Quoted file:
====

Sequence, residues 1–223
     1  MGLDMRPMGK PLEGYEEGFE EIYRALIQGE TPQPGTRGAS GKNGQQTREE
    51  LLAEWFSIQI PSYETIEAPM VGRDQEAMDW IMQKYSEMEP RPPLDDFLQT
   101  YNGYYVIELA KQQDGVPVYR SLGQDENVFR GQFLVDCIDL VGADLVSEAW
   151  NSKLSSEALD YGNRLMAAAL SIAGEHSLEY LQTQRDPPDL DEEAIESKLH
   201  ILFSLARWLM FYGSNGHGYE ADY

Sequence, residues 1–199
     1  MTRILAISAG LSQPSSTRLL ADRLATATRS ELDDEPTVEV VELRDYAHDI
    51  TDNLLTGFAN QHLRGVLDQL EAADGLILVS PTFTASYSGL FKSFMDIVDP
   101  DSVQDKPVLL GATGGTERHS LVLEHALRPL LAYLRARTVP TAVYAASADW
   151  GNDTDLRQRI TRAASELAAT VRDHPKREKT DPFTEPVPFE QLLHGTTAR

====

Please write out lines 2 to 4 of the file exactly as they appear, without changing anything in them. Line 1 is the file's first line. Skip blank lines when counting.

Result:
     1  MGLDMRPMGK PLEGYEEGFE EIYRALIQGE TPQPGTRGAS GKNGQQTREE
    51  LLAEWFSIQI PSYETIEAPM VGRDQEAMDW IMQKYSEMEP RPPLDDFLQT
   101  YNGYYVIELA KQQDGVPVYR SLGQDENVFR GQFLVDCIDL VGADLVSEAW